BRATTLEBORO—“World Leaders and Global Citizens: Photographs by Patrick Leahy, U.S. Senator” opens Saturday, Nov. 1, at Brattleboro Museum & Art Center (BMAC).
The exhibit marks the 40th anniversary of Leahy’s election to the U.S. Senate. An opening reception, free and open to all, will be held from 11 a.m. to 1 p.m. The senator will not be present at the opening but is expected to give a guided tour of the exhibit at a later date.
Today the most senior senator and third in the line of succession to the presidency, Leahy has had a keen interest in photography since he was a child.
Born blind in one eye, Leahy, the son of a printer in Montpelier, realized at an early age that “photography, like reading, was something I could do. You only need one eye.” His earliest photographs were taken with a Hopalong Cassidy box camera he received as a gift from his parents. Today, the six-term senator is rarely seen without a camera slung over his shoulder.
Leahy’s four-decade career in the U.S. Senate has afforded him a unique vantage point on world events. His photographs capture world leaders during momentous occasions and in informal moments of repose.
Accordingly, the BMAC exhibit presents Leahy’s 1985 photograph of President Ronald Reagan’s second inauguration, which Reagan declared to be his favorite image from the event. This is alongside a shot of President George H.W. Bush and two senators donning silly hats at a private White House get-together in 1989.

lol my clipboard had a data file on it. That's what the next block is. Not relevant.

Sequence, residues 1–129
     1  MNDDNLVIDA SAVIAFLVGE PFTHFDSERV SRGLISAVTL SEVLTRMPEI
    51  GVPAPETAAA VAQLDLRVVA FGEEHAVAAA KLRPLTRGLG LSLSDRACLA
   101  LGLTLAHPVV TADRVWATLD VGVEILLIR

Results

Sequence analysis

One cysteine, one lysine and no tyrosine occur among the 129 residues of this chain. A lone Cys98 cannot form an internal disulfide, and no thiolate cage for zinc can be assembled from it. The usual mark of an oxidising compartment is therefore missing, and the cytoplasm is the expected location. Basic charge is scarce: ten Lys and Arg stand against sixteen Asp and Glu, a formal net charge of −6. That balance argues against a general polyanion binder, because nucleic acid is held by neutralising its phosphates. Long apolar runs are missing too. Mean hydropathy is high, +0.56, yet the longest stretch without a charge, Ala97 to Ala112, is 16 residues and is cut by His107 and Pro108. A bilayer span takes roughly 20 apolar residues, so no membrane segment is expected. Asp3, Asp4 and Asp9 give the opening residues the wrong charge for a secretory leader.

A series of images taken during a 2010 closed meeting of senators with President Obama to discuss health care depicts a palpably tense exchange between Obama and Connecticut Senator Joe Lieberman.
A 1996 photo taken on a military transport serving as Air Force One shows Army Gen. John Shalikashvili and Secretary of State Madeleine Albright in a lighter moment, with President Clinton looking on in the background.
Photos of world leaders notwithstanding, BMAC Chief Curator Mara Williams says it is Leahy’s pictures of “global citizens,” photographs that document the richness and complexity, as well as the joy or the terror, of lives lived out of the spotlight, that she finds “truly astonishing.”
These include a Tibetan man holding his son and clasping a forbidden picture of the Dalai Lama; a refugee from El Salvador gazing into the camera lens; Turkish children flying a homemade kite from a perilous perch high above city streets; Vietnamese landmine victims, and many more.